The Problem Is Not (Merely) Mass Incarceration: Incarceration as a Bioethical Crisis and Abolition as a Moral Obligation

Hastings Cent Rep. 2023 Nov;53(6):35-37. doi: 10.1002/hast.1542.


Mass incarceration is an ethical crisis. Yet it is not only the magnitude of the system that is troubling. Mass incarceration has been created and sustained by racism, classism, and ableism, and the problems of the criminal legal system will not be solved without meaningfully intervening upon these forms of oppression. Beyond that, incarceration itself-whether of one person or 2 million-represents a moral failing. To punish and control, rather than invest in community and healing, is antithetical to the values of the field of bioethics. This commentary, which responds to the article "Fifty Years of U.S. Mass Incarceration and What It Means for Bioethics," by Sean Valles, considers abolition as a crucial form of justice that must be centered in the work of bioethics. Abolition is both an antiracist intervention and a means of considering the ways health care broadly and bioethics specifically have allowed for the perpetuation of carcerality in the United States.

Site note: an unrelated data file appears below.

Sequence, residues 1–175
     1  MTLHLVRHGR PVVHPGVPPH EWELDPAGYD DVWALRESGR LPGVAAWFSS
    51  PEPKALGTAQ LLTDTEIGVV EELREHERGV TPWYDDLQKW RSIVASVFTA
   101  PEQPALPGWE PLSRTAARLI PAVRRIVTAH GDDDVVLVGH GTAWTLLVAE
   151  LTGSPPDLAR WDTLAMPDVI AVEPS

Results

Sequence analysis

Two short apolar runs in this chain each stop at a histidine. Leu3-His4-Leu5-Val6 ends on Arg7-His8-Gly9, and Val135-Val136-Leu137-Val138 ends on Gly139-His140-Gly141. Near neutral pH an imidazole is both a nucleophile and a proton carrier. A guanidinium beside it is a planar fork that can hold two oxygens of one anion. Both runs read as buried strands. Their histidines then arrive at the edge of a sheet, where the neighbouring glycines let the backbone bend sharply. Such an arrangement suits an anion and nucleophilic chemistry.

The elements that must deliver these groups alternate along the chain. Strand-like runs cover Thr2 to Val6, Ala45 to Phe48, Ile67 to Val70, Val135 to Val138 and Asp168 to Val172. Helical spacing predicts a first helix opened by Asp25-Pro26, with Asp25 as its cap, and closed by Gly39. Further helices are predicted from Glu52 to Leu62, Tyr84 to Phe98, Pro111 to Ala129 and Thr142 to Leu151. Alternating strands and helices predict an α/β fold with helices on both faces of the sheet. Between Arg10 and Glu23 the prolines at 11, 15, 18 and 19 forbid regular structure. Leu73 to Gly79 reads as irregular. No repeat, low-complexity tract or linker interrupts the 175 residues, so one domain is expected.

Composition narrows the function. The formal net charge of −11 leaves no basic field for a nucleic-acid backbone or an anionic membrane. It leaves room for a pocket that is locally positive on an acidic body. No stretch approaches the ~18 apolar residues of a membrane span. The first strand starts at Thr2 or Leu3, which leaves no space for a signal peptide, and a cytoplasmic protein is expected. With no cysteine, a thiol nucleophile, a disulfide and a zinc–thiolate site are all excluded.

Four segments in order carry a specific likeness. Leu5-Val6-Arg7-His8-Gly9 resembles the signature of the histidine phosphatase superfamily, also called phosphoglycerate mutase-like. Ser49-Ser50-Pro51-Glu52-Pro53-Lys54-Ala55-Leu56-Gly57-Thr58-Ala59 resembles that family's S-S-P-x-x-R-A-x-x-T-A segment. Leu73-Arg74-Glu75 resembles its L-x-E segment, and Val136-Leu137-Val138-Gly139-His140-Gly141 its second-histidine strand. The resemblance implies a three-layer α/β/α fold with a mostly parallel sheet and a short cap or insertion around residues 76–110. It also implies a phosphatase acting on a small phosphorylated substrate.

Keywords: abolition; bioethics; carcerality; incarceration; jails; prisons.

MeSH terms

  • Bioethics*
  • Delivery of Health Care
  • Humans
  • Incarceration
  • Moral Obligations*
  • Prisons
  • United States